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Club Chronicles: Red Cross, NFL team up for blood donations

This January marks the 45th Annual National Blood Donor Month.

The month serves to recognize the life-saving contribution blood and platelet donors make to modern healthcare.

Donating blood saves many lives and improves the health for many people. According to the World Health Organization, “blood is the most precious gift that anyone can give to another person – the gift of life.”

According to the American Red Cross, winter is one of the most difficult times to collect enough blood products to meet patient needs. The reason is busy schedules; bad weather that results in canceled blood drives; and seasonal illnesses such as the flu, which prevent potential donors from making donations.

The American Red Cross needs 13,000 blood donations every single day to maintain an appropriate blood supply. About 38 percent of the U.S. population can donate blood – but only 10 percent actually does.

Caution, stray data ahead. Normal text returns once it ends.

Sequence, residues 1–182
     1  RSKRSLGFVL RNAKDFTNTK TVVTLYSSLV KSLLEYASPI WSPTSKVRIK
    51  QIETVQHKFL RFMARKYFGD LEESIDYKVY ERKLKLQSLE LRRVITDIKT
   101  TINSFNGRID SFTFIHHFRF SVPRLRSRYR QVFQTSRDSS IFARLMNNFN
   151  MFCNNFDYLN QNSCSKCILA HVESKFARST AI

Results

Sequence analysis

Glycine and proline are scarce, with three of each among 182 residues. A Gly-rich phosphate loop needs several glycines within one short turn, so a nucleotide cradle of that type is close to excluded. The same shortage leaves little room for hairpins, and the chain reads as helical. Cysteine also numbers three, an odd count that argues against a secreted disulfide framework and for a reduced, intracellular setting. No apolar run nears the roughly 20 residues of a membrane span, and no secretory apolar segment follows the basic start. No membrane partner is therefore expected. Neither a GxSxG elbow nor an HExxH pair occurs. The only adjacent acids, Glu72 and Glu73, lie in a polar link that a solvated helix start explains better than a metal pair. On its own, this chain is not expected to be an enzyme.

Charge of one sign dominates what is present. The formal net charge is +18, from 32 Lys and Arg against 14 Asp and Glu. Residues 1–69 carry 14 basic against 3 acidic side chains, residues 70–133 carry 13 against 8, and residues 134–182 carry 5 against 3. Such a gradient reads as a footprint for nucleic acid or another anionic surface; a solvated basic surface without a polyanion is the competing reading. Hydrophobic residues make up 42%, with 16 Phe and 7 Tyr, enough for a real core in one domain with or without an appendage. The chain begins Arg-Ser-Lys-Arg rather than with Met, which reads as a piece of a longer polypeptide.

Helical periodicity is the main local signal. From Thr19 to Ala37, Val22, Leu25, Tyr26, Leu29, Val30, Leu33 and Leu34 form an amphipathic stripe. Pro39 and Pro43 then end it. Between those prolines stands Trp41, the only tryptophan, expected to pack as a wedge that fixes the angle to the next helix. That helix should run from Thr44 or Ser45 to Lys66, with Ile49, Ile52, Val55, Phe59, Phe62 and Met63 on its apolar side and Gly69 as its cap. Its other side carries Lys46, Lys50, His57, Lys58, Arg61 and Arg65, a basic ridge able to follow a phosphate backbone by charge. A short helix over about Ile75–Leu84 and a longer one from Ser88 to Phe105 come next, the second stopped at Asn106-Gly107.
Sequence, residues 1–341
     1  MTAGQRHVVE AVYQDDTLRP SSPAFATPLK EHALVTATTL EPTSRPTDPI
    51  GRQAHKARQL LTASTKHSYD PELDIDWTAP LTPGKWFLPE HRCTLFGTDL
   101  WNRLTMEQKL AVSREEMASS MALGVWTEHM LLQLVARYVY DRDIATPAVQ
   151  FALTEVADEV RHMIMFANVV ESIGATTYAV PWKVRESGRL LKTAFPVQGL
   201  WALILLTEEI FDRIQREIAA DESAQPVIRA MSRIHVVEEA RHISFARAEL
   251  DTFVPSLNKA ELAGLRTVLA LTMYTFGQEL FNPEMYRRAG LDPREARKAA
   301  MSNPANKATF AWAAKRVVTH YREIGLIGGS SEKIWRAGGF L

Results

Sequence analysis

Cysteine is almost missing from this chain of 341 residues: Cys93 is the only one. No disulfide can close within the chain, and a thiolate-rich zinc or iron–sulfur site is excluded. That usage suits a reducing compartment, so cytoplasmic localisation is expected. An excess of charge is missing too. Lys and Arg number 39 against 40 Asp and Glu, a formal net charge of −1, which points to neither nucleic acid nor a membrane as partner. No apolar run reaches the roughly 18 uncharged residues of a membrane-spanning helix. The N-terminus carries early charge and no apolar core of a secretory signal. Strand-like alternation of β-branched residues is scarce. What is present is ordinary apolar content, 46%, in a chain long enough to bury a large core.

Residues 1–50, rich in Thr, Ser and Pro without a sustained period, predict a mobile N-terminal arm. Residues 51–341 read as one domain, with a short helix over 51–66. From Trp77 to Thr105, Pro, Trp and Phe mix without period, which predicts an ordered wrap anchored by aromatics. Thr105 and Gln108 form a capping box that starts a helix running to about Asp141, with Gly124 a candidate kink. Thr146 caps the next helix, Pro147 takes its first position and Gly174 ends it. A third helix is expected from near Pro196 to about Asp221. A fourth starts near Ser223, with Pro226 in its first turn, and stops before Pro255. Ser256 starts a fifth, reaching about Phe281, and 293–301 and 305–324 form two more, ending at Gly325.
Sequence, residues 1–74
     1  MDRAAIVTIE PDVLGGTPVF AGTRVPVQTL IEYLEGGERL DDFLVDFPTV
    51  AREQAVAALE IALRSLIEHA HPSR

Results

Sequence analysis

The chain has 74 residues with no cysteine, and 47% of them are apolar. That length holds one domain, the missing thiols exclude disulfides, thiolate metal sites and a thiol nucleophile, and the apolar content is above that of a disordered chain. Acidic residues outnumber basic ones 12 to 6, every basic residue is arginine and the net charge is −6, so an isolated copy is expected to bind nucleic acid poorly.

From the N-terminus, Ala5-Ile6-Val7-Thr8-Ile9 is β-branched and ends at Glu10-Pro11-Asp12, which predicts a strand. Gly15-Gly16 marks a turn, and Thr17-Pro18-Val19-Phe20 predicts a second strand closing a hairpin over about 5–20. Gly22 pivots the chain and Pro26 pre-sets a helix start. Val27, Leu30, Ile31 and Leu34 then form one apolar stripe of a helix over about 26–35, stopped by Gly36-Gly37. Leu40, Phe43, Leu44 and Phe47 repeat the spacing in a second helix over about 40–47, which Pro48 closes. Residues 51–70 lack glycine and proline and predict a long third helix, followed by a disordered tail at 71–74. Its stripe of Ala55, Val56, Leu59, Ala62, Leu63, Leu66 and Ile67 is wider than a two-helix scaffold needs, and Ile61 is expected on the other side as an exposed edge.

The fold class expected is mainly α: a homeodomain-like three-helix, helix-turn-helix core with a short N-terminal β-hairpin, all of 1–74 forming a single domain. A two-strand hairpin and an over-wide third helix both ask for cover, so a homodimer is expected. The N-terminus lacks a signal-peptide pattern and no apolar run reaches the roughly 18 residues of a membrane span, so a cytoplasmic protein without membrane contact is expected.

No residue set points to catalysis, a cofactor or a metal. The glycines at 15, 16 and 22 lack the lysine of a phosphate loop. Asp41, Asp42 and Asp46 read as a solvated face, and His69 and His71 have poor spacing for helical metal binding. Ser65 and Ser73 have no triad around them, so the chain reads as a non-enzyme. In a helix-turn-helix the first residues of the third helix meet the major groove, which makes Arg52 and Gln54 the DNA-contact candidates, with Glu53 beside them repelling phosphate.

The American Red Cross and the National Football League are teaming up this January to urge individuals – especially those who have recovered from COVID-19 – to give blood and to help convalescent plasma shortage. Individuals who have recovered from COVID-19 might have antibodies in their plasma that could boost a patient’s immune system, which is needed to beat the virus.

Those who donate blood or platelets this January will be automatically entered to win two tickets to next year’s Super Bowl LVI in Los Angeles.

In addition, those who donate Jan. 1-20 will be entered to win the “Big Game at Home” package for a viewing experience safely at home, with a 65-inch television and a $500 gift card to put toward food and fun.

All blood types are needed to ensure a reliable supply for patients. Requirements include a blood donor card or driver’s license or two other forms of identification. Individuals who are 17 years of age, weigh at least 110 pounds and are in generally good health may be eligible to donate blood.

Coordinating a community blood drive is an excellent way to bring people together and save lives. Community blood drives are sponsored by a specific group or organization and are open to the public. Community blood drives are held at churches, schools and other public venues.

Additional information and details are available at